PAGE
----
Not too long ago, I was reading Charlie Kindel's "You're Thinking of Your Career Trajectory Wrong" and it reminded me of yet another trope that somehow is very commonplace, at least in the tech industry - your career is not a sprint, it's a marathon. It comes from a well-intentioned desire to communicate the fact that careers should be looked at through the long-term lens, which makes sense - we rarely hear the story of someone being right out of college and then becoming a Vice President of Product at a Fortune 500. It's all about the long game. But it also sets a lot of folks for failure early on.
Talk about making some life changes in a short period of time! I am genuinely pumped to be coming back to something that is near and dear to my heart - developer relations.
It finally happened - after almost five years of sticking with macOS and a MacBook, I gave up and built my own desktop computer.
You are a PM. You work for a big company or a startup. You are tasked with determining the direction for your product, so you enthusiastically embark on the journey to talk to as many customers (or potential customers) as possible to determine what their needs are and how your product can help them in the long-run. After months of painstakingly collecting feedback, you emerged victorious with a PowerPoint deck that says: “We need a bigger button in the toolbar to let people renew their subscription easier”.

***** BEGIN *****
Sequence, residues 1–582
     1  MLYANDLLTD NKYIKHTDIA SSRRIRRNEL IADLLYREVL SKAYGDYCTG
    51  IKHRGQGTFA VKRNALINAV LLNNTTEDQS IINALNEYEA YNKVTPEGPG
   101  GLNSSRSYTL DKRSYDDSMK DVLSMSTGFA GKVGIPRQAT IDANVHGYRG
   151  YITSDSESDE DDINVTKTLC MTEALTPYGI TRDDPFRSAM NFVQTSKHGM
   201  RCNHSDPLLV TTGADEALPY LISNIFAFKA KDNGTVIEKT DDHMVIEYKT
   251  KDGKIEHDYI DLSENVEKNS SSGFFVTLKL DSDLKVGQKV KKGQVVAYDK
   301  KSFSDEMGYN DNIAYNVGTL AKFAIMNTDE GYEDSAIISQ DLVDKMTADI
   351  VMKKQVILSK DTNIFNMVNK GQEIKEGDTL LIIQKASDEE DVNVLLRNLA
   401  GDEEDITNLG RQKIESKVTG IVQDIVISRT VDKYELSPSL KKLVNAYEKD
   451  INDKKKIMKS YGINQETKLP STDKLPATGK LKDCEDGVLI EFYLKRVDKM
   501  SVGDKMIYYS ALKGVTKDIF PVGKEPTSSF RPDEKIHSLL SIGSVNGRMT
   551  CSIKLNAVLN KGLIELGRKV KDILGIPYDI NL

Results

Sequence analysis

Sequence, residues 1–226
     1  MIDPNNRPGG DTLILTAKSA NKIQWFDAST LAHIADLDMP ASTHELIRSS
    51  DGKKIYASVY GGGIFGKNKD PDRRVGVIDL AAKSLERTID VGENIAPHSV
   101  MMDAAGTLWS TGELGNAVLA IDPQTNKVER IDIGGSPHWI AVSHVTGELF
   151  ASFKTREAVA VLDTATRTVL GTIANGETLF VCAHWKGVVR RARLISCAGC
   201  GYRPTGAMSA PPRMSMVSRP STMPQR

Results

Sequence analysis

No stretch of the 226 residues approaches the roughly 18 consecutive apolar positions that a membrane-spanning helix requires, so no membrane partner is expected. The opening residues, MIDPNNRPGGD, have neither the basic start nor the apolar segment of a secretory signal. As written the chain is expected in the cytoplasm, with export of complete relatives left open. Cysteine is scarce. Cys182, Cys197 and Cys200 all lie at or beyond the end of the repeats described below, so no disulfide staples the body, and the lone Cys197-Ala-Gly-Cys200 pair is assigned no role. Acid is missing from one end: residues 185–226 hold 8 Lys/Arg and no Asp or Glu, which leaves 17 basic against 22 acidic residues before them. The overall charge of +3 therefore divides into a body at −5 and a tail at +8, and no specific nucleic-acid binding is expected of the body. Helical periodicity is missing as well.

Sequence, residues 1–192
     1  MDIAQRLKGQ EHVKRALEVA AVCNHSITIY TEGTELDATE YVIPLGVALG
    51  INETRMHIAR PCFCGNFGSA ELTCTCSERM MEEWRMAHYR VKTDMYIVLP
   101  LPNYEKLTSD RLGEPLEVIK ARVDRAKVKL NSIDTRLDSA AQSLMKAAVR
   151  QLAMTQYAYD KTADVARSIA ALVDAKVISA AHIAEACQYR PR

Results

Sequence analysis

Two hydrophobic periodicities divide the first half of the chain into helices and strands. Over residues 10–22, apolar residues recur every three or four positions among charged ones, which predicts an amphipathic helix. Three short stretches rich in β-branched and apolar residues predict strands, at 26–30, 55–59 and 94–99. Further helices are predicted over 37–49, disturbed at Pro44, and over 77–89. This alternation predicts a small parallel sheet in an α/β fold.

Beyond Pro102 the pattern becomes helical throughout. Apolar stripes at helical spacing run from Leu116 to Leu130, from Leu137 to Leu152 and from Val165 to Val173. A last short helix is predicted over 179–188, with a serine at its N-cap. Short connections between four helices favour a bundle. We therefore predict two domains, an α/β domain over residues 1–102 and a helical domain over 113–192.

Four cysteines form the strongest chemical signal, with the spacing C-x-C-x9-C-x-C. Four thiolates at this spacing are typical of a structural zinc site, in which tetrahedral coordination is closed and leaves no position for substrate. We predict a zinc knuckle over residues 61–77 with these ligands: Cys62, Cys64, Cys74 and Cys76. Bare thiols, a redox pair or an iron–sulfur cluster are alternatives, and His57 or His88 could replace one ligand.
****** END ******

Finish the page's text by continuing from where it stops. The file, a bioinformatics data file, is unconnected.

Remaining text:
It’s 2018, and it’s time we understand that SMS 2-factor authentication is not a good way to double-check the users’ credentials. It’s been shown many times that phone numbers can be compromised.
2018 is (almost) upon us and many people are making new resolutions for what they want to achieve in the new year. I wrote about some of my high-level goals as well. The one piece missing in it is the how description, and for that I decided to write this post. Just like the overview post, I want to make this a yearly tradition - a set of tips on how to maximize productivity, based on learnings from the previous year.